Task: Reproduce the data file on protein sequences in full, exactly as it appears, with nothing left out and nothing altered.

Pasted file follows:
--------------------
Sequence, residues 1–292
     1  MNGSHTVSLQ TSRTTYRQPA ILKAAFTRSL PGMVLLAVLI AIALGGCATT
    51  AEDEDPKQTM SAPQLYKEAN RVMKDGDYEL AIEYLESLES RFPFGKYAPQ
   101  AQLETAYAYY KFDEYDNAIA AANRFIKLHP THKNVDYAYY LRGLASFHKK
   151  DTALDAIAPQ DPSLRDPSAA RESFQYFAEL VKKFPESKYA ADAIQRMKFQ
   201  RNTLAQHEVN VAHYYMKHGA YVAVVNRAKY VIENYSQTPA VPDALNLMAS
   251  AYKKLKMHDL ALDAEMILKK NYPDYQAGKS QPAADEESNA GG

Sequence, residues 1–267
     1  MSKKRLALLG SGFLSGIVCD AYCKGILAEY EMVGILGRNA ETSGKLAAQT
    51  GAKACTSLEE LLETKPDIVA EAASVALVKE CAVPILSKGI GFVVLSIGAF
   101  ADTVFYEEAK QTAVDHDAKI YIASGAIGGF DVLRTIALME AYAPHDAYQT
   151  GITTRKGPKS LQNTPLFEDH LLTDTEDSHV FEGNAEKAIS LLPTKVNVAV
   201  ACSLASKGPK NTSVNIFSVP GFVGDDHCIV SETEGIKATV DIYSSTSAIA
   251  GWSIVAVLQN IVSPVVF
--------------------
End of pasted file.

Sequence, residues 1–292
     1  MNGSHTVSLQ TSRTTYRQPA ILKAAFTRSL PGMVLLAVLI AIALGGCATT
    51  AEDEDPKQTM SAPQLYKEAN RVMKDGDYEL AIEYLESLES RFPFGKYAPQ
   101  AQLETAYAYY KFDEYDNAIA AANRFIKLHP THKNVDYAYY LRGLASFHKK
   151  DTALDAIAPQ DPSLRDPSAA RESFQYFAEL VKKFPESKYA ADAIQRMKFQ
   201  RNTLAQHEVN VAHYYMKHGA YVAVVNRAKY VIENYSQTPA VPDALNLMAS
   251  AYKKLKMHDL ALDAEMILKK NYPDYQAGKS QPAADEESNA GG

Sequence, residues 1–267
     1  MSKKRLALLG SGFLSGIVCD AYCKGILAEY EMVGILGRNA ETSGKLAAQT
    51  GAKACTSLEE LLETKPDIVA EAASVALVKE CAVPILSKGI GFVVLSIGAF
   101  ADTVFYEEAK QTAVDHDAKI YIASGAIGGF DVLRTIALME AYAPHDAYQT
   151  GITTRKGPKS LQNTPLFEDH LLTDTEDSHV FEGNAEKAIS LLPTKVNVAV
   201  ACSLASKGPK NTSVNIFSVP GFVGDDHCIV SETEGIKATV DIYSSTSAIA
   251  GWSIVAVLQN IVSPVVF